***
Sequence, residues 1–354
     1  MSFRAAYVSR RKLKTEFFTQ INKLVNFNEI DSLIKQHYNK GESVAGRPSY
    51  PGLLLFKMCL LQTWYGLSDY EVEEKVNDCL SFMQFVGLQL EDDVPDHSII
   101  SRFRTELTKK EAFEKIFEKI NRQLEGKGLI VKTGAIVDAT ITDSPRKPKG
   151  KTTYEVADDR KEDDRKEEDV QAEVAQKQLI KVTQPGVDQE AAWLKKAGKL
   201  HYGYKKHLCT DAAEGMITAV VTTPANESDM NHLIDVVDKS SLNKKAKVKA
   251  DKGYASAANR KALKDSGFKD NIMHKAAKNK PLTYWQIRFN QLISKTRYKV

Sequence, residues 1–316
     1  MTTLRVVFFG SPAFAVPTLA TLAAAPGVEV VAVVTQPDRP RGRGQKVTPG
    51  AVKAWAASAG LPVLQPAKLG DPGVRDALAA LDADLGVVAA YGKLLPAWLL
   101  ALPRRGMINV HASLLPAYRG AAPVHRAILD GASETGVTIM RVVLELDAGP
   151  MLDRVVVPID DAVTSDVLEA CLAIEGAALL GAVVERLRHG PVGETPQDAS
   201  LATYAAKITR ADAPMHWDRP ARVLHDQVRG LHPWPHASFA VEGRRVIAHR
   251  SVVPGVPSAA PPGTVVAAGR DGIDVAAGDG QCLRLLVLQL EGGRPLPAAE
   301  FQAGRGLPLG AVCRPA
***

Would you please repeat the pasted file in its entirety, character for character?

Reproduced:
Sequence, residues 1–354
     1  MSFRAAYVSR RKLKTEFFTQ INKLVNFNEI DSLIKQHYNK GESVAGRPSY
    51  PGLLLFKMCL LQTWYGLSDY EVEEKVNDCL SFMQFVGLQL EDDVPDHSII
   101  SRFRTELTKK EAFEKIFEKI NRQLEGKGLI VKTGAIVDAT ITDSPRKPKG
   151  KTTYEVADDR KEDDRKEEDV QAEVAQKQLI KVTQPGVDQE AAWLKKAGKL
   201  HYGYKKHLCT DAAEGMITAV VTTPANESDM NHLIDVVDKS SLNKKAKVKA
   251  DKGYASAANR KALKDSGFKD NIMHKAAKNK PLTYWQIRFN QLISKTRYKV

Sequence, residues 1–316
     1  MTTLRVVFFG SPAFAVPTLA TLAAAPGVEV VAVVTQPDRP RGRGQKVTPG
    51  AVKAWAASAG LPVLQPAKLG DPGVRDALAA LDADLGVVAA YGKLLPAWLL
   101  ALPRRGMINV HASLLPAYRG AAPVHRAILD GASETGVTIM RVVLELDAGP
   151  MLDRVVVPID DAVTSDVLEA CLAIEGAALL GAVVERLRHG PVGETPQDAS
   201  LATYAAKITR ADAPMHWDRP ARVLHDQVRG LHPWPHASFA VEGRRVIAHR
   251  SVVPGVPSAA PPGTVVAAGR DGIDVAAGDG QCLRLLVLQL EGGRPLPAAE
   301  FQAGRGLPLG AVCRPA